After the narrow wiring trenches 1A and the wide wiring trenches 1B are formed in the interlayer insulation film 1, a barrier metal film 2 for suppressing metal diffusion to the interlayer insulation film 1 is formed on the interlayer insulation film 1 as shown in FIG. 2C, by, for example, sputtering or CVD (Step 3 a). Examples of a material composing the barrier metal film 2 are conductive materials such as Ta, Ti, TaN, TiN, NbN, WN, and VN. The barrier metal film 2 may be formed of a stack of these materials.

After the barrier metal film 2 is formed on the interlayer insulation film 1, a seed film 3 for passing electric current at the time of electrolytic plating is formed on the barrier metal film 2 as shown in FIG. 2D, by, for example, sputtering (Step 4 a). A metal such as Cu is an example of a material composing the seed film 3.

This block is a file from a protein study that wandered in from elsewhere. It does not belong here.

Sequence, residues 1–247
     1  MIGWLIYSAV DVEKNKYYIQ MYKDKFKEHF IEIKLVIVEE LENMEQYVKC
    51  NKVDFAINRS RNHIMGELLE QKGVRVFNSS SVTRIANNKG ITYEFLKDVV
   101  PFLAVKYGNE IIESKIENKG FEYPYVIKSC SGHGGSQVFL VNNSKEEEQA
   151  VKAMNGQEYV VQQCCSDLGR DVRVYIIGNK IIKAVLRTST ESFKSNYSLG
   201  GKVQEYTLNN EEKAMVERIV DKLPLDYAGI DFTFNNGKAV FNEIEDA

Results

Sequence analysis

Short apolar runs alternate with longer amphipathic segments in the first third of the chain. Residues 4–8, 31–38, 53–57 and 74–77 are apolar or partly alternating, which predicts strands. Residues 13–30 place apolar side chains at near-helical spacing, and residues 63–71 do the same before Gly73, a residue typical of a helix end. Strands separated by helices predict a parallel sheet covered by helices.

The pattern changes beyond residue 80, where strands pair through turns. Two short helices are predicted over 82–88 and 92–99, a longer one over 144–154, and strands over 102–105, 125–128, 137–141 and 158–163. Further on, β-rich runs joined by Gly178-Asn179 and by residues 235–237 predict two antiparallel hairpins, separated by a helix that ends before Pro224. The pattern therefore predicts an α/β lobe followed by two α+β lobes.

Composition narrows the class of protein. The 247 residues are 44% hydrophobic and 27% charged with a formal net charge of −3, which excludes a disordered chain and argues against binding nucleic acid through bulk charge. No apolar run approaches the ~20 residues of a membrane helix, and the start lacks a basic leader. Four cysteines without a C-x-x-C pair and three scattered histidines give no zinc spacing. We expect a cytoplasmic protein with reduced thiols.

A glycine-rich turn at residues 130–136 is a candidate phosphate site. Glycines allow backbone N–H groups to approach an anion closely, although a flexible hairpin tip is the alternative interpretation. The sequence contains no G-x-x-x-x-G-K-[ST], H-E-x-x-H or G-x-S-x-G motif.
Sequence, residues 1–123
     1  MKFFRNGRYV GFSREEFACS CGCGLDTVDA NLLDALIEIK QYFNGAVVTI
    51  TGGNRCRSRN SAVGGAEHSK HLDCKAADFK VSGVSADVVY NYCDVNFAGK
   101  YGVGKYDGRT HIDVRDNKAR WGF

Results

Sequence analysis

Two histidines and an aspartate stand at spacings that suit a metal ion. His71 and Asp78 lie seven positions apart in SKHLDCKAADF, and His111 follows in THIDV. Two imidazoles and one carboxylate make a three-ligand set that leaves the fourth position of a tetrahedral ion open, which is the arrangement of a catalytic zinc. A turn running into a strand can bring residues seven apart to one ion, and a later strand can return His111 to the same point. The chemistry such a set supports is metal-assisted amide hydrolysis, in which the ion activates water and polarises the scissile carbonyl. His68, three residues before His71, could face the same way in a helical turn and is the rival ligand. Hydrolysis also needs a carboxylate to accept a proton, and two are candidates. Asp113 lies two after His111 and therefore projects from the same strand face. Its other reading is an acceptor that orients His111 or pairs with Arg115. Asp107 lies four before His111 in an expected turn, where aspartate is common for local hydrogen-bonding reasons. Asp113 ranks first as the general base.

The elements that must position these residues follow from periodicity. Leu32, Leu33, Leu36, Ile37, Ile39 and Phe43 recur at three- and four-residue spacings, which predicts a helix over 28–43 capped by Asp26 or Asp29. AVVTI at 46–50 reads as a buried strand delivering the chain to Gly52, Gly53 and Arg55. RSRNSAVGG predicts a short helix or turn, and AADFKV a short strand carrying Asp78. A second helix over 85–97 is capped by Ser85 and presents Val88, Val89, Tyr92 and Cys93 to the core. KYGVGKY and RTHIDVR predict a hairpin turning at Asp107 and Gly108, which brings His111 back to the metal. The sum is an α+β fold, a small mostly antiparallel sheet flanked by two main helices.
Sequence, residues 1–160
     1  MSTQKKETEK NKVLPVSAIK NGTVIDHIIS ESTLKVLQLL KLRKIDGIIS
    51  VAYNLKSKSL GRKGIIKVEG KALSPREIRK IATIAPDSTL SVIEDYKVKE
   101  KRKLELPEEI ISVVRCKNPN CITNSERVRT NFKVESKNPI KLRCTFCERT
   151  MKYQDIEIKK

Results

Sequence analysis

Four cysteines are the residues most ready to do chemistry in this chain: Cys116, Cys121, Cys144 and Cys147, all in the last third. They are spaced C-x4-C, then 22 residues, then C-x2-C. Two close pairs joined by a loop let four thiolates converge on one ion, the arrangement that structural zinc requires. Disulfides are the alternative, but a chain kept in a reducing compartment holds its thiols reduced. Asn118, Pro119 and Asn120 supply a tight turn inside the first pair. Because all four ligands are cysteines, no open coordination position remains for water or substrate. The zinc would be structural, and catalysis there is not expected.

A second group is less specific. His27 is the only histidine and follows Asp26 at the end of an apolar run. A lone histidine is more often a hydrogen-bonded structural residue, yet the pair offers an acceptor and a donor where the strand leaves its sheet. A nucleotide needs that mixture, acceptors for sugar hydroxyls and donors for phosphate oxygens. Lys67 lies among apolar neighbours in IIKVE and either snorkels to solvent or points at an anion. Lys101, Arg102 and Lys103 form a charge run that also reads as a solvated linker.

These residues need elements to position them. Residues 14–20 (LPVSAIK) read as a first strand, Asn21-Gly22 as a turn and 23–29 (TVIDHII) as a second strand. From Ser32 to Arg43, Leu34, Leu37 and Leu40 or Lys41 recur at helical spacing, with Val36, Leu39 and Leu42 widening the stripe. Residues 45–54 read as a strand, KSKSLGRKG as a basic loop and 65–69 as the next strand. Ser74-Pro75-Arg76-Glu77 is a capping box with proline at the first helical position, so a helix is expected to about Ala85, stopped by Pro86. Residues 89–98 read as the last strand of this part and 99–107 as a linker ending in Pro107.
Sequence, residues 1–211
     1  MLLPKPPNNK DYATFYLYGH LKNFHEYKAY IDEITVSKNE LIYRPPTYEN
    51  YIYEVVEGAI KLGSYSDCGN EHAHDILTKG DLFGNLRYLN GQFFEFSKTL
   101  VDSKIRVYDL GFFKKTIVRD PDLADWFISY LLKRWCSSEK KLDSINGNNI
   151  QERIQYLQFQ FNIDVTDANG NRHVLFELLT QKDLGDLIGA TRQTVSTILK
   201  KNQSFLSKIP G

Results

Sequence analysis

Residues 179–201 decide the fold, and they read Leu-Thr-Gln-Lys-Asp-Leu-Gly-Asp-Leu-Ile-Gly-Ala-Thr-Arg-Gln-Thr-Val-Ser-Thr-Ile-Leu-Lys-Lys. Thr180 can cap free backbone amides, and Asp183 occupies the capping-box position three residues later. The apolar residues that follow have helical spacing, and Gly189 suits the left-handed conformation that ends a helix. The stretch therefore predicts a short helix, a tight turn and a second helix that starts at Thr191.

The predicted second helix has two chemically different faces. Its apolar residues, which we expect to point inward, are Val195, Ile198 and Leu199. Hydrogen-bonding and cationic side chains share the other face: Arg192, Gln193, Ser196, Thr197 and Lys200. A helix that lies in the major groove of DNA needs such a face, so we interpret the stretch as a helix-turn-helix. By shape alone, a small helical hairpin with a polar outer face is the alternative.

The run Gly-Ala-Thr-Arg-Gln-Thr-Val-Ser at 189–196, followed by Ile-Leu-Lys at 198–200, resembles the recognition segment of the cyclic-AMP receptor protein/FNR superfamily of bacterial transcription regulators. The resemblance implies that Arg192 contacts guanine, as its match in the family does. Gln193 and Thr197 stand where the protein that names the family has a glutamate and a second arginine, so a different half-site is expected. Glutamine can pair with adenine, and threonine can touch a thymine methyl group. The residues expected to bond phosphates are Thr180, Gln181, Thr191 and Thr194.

After the seed film 3 is formed on the barrier metal film 2, a plating solution is supplied to a surface of the seed film 3 and at the same time, electric current is supplied to the seed film 3, so that a plating film (first metal film) 4 is formed on the seed film 3 as shown in FIG. 2E, by electrolytic plating (Step 5 a). In the plating solution, predetermined amounts of additives such as an accelerator, a suppressor, and a leveler are mixed in addition to metal ions such as, for example, Cu ions. Further, the plating film 4 is formed so as to be buried in the whole of each of the narrow wiring trenches 1A in which bottom-up deposition prominently occurs and in part of each of the wide wiring trenches 1B in which bottom-up deposition is difficult to occur. The plating film 4 is mainly composed of a metal such as Cu, but impurities are mixed therein. The “impurity” here is a substance containing at least one of S, Cl, O, C, and N.